Studies have shown that the phenotype of nonhuman animals can be shaped by the genomes of surrounding individuals, but whether humans experience similar effects is unclear.
To determine whether being surrounded by peers with a genetic predisposition to smoke affects an individual’s smoking behavior, researchers analyzed survey data collected between 1994 and 1995 from 3,895 middle school and high school students in the United States. Additionally, between 2008 and 2009, DNA samples were collected from the students.
The genetic propensity to smoke in grade-mates and friends was each positively associated with an individual’s smoking behavior, although the correlation was stronger for individuals and their grade-mates.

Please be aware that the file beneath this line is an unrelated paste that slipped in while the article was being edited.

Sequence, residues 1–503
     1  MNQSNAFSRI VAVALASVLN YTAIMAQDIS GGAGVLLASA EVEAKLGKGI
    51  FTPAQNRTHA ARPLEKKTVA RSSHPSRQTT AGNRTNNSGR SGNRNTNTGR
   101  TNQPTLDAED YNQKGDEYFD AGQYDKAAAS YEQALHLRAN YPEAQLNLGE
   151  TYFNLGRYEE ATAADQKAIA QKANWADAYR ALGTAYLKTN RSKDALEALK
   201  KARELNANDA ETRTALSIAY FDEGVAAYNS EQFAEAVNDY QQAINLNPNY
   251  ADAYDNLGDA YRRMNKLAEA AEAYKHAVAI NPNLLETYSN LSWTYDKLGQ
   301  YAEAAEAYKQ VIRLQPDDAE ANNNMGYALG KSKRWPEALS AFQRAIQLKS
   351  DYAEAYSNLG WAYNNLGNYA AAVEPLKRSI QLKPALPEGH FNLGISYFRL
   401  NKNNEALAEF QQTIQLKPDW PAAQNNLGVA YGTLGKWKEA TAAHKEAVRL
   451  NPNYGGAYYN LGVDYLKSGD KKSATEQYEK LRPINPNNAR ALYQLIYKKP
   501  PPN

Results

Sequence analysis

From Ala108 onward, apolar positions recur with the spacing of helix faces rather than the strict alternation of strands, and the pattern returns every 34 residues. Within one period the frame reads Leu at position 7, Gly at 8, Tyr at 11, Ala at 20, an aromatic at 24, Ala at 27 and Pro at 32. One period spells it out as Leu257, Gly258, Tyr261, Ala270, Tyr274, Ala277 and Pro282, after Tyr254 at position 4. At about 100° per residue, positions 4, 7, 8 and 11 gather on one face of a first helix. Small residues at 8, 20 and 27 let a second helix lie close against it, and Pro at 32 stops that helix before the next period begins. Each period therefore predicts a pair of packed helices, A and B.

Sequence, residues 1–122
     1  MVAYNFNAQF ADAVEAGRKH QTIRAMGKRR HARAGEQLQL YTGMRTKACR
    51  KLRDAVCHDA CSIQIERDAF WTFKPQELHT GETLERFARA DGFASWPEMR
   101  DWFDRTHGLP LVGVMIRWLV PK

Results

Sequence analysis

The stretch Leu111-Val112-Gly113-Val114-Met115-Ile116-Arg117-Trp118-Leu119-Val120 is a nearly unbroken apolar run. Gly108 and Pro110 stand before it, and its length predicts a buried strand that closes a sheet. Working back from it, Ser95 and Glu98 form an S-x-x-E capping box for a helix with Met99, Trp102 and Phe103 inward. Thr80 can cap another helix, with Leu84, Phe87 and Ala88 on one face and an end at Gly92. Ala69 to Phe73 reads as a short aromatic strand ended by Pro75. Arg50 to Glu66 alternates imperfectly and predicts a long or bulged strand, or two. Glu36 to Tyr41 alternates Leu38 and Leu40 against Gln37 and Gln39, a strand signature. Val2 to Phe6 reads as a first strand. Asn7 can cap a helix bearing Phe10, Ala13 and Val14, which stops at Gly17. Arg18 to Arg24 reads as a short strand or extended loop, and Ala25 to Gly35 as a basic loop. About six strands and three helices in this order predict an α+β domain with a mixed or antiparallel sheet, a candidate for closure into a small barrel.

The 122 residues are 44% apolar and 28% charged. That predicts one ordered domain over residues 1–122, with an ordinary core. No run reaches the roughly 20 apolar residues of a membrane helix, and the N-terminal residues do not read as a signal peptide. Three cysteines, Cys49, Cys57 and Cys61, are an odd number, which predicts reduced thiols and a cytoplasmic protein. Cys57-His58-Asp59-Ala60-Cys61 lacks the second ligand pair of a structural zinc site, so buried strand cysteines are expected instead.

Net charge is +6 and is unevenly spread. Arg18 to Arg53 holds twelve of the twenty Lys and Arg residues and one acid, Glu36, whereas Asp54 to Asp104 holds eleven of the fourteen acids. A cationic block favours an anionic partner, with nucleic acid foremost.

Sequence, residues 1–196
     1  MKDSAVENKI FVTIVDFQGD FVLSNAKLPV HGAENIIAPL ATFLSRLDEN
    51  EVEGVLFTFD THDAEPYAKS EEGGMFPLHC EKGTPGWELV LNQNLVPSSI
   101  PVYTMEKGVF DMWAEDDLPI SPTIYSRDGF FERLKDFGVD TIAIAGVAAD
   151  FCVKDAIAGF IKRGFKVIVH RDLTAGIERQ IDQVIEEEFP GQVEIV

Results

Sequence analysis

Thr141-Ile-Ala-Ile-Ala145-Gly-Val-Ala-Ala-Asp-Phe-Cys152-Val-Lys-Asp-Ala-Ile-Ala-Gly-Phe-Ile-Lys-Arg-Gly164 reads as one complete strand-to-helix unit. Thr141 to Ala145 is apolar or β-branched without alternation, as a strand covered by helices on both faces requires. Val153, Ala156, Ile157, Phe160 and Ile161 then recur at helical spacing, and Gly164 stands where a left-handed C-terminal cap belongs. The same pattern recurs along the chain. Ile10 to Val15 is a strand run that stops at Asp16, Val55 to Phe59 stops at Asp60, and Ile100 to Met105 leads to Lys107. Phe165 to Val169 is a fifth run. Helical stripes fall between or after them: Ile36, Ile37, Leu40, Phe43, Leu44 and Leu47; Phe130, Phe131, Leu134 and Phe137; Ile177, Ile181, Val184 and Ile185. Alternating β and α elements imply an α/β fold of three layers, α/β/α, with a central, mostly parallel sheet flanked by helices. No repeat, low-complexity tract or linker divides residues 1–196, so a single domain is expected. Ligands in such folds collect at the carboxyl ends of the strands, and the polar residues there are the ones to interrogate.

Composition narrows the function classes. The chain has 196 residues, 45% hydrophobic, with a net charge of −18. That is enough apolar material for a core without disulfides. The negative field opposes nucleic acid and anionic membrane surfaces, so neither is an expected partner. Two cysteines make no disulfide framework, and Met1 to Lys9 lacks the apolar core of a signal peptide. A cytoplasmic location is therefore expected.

The authors also found that sharing a grade with even a small minority of peers who had a high genetic propensity to smoke greatly increased an individuals’ tendency to smoke. However, having peers with low genetic propensity to smoke did not reduce grade-mates’ tendency to smoke.
The findings suggest that grade-mate smoking behavior may be a stronger predictor of individual smoking behavior than the individual’s own genetic propensity. Moreover, genes should be treated as an important part of an individual’s social environment, and social environments should be considered in the context of genetic influence, according to the authors.
Smoking and peers' genetic risk
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